Federal actions against corporations continue to drop in Trump’s second year, despite his ‘tough on crime’ rhetoric
January 29, 2019
Under President Donald Trump, the “tough on crime” president, corporate enforcement actions at the U.S. Department of Justice fell for the second year in a row, according to a Public Citizen report.
In Trump’s second year, the DOJ completed just 227 cases against corporate offenders, 14 fewer than in 2017, and down heavily from 308 in President Barack Obama’s final year in office.
While the Trump DOJ’s financial penalties did increase to $15.7 billion in 2018 from $4.9 billion, the 2018 level is below Obama-era penalties. In addition, the report states that 62 percent of the 2018 total is attributable to just four cases against big banks – Royal Bank of Scotland, Wells Fargo, Barclays, and HSBC – which were initiated by the Obama administration for financial crisis-era allegations.
The combined penalty totals for Trump’s first two years – $20.6 billion – are 80 percent lower than Obama’s last two years, $101.2 billion.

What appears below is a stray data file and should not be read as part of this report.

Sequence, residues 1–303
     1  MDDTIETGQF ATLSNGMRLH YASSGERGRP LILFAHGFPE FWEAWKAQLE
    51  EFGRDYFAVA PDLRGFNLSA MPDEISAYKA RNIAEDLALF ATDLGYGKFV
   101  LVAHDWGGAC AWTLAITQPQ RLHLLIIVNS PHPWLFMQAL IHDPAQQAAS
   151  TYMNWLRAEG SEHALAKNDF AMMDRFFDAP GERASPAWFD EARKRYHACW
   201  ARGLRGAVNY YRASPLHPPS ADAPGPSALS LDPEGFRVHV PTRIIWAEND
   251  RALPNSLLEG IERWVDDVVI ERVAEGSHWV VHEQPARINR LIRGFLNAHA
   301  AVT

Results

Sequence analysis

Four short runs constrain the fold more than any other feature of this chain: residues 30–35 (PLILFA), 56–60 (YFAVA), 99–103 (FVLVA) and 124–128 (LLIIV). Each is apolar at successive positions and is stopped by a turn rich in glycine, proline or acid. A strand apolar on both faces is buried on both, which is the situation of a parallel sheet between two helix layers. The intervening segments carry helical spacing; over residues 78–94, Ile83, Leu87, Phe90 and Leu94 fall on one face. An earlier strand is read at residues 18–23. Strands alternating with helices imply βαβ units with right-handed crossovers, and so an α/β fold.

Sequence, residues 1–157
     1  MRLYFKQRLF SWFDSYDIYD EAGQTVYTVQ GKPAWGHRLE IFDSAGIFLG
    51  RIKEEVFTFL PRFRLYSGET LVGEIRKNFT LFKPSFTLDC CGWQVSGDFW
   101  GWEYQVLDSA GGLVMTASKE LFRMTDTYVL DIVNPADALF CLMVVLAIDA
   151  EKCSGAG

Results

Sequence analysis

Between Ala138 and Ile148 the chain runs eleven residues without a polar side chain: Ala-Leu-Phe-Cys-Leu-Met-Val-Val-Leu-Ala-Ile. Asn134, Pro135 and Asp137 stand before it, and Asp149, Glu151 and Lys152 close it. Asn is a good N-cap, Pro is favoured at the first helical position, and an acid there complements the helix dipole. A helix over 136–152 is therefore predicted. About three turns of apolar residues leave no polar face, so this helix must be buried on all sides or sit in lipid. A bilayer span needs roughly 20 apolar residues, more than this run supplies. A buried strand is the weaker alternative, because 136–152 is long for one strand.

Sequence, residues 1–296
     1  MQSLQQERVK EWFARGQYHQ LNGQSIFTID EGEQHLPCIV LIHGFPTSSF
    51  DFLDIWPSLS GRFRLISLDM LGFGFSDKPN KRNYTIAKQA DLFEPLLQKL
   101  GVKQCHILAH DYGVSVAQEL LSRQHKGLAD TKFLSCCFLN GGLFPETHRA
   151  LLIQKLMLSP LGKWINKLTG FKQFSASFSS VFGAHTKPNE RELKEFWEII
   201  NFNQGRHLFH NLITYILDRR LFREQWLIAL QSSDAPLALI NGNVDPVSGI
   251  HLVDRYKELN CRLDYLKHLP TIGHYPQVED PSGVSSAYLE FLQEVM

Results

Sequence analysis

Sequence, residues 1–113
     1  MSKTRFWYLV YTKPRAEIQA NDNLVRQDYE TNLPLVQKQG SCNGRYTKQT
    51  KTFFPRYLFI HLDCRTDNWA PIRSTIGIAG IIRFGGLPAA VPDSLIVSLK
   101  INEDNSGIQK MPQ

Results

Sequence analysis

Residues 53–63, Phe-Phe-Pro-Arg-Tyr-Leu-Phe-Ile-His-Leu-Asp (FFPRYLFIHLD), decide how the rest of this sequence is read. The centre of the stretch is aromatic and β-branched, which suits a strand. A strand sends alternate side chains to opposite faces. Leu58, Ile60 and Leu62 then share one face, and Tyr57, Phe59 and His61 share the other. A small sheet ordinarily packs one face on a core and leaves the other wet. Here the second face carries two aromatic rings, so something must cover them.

“The sustained decline in corporate enforcement is the predictable outcome of corporate leniency policies the Trump administration has embraced – even while pursuing ‘zero tolerance’ enforcement toward border crossings and street crime,” said Rick Claypool, a Public Citizen research director. “This is two-tiered justice at its worst.”
The analysis follows a July 2018 Public Citizen report that found DOJ penalties for corporate violations plummeted by 90 percent during Trump’s first year in office, and that corporate enforcement declined significantly at nearly all federal agencies under Trump appointees.
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